Researchers find more Americans may be exposed to chemical BPA

BY SONYA COLBERG Published: August 4, 2010
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That paper receipt innocently nestled against the fruits and vegetables in your grocery sack or tucked in your wallet may contain a chemical that is being studied as potentially harmful to people.

A new study shows the synthetic estrogen BPA, or bisphenol A, was found on 40 percent of tested cash register receipts. In addition, some receipts had 250 to 1,000 times the amount typically found in the lining of a can of food or can of baby formula.

Pending federal legislation would ban the chemical from food containers.

"This is a chemical that people should avoid," said Frederick vom Saal, a professor at the University of Missouri and a leading BPA researcher. "Imagine a piece of paper that had talcum powder coated on it and you picked it up. You would see and smell the talcum powder.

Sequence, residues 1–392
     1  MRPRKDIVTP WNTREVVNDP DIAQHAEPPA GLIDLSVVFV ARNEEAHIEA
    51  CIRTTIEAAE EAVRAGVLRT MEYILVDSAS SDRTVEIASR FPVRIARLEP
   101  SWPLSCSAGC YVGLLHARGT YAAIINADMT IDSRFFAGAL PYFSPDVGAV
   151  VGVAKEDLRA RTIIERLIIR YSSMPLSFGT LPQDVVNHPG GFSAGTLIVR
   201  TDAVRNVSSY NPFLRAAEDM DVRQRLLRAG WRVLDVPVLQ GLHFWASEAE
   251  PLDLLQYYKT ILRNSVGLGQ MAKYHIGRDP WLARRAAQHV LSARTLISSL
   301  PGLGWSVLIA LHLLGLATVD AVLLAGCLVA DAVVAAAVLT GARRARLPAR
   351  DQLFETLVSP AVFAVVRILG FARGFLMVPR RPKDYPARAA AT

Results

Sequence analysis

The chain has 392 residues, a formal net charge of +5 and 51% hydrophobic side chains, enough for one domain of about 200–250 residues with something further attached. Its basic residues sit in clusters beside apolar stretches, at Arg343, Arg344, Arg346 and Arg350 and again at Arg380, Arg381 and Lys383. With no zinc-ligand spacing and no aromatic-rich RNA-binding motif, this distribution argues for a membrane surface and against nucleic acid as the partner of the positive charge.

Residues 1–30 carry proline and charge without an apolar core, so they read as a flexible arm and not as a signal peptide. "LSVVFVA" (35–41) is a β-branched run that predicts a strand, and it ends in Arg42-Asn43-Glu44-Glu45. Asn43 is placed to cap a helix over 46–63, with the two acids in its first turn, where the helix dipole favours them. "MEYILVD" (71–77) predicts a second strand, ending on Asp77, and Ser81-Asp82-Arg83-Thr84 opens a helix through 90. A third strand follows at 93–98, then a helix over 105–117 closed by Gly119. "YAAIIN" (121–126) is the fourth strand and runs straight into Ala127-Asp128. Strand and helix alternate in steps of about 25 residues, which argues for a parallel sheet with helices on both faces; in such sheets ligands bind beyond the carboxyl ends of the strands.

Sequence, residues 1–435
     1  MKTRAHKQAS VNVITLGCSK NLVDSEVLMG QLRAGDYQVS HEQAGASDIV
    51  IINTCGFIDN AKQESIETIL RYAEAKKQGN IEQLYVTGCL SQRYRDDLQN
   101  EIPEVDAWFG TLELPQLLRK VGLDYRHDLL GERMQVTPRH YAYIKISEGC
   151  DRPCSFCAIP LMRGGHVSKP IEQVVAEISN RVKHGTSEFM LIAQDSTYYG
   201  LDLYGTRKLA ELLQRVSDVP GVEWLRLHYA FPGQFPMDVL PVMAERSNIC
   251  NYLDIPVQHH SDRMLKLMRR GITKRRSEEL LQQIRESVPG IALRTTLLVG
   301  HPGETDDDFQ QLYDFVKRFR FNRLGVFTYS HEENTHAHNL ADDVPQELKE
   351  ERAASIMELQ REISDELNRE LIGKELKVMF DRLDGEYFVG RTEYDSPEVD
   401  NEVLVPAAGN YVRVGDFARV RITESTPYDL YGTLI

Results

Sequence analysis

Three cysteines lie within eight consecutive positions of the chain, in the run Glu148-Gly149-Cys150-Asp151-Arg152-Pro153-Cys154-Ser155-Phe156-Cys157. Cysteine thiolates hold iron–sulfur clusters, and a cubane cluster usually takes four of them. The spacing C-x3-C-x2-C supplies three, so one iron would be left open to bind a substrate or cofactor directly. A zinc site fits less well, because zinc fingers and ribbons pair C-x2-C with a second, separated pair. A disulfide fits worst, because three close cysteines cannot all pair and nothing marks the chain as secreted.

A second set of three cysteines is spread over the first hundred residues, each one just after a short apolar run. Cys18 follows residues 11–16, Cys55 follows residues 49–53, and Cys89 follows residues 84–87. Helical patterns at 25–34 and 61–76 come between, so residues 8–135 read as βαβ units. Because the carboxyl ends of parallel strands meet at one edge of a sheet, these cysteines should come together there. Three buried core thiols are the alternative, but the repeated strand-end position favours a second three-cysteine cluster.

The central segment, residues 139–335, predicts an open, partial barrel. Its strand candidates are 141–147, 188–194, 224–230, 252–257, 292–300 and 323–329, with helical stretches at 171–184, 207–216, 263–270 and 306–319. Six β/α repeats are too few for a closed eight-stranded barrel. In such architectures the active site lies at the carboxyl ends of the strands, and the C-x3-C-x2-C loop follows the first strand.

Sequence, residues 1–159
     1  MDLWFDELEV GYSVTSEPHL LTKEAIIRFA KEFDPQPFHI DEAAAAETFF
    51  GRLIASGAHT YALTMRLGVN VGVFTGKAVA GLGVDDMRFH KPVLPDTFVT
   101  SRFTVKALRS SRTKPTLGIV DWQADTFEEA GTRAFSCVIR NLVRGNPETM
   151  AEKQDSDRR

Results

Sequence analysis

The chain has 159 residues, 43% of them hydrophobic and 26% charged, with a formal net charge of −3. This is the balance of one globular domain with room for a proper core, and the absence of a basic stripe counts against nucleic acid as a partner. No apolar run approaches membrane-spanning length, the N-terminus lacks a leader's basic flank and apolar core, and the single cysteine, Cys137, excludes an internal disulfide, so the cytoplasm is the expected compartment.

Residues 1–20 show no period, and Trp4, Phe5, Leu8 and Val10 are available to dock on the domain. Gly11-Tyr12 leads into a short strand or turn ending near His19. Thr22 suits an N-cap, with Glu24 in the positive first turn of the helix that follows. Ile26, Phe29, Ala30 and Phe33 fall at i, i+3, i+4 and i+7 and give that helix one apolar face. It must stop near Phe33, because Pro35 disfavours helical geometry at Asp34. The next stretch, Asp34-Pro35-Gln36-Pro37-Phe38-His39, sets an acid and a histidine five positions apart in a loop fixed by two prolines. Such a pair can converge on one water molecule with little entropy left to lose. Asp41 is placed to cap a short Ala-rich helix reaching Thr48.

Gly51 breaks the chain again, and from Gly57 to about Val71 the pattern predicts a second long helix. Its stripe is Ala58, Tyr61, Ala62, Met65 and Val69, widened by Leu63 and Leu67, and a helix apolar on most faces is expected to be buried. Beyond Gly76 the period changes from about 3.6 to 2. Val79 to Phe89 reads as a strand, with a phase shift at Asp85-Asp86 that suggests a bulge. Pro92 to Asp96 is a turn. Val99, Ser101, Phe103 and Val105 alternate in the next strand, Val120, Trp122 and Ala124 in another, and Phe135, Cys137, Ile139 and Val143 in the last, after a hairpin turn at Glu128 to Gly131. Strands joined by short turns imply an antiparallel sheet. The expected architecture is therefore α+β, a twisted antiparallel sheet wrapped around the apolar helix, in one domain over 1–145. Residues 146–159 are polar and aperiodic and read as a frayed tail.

"Bisphenol A is colorless, odorless, tasteless, but when you touch the paper, it comes off just like talcum powder would."

BPA has been linked to health problems ranging from heart disease to cancer to diabetes to neurological problems. Early this year, the U.S. Food and Drug Administration reversed its earlier BPA stance and announced that it had "some concerns" about the potential human health impacts and would begin studying BPA and ways to reduce exposure.

Meanwhile, consumers should wash their hands after handling ATM or cash register receipts and should keep the receipts away from children, said Tressa Madden, the state Health Department's director of consumer protection.

The study paid for by the Environmental Working Group did not examine how much of the chemical that rubs off onto the hands is absorbed through the skin or ingested by people while handling food or touching their mouths. Vom Saal said more research is needed.

BPA is used to coat thermal paper. The chemical reacts with dye to form the black print on receipts.

New interest in BPA

The Environmental Protection Agency recently began holding meetings with the chemical industry and environmental groups to consider alternatives to BPA-containing receipts.



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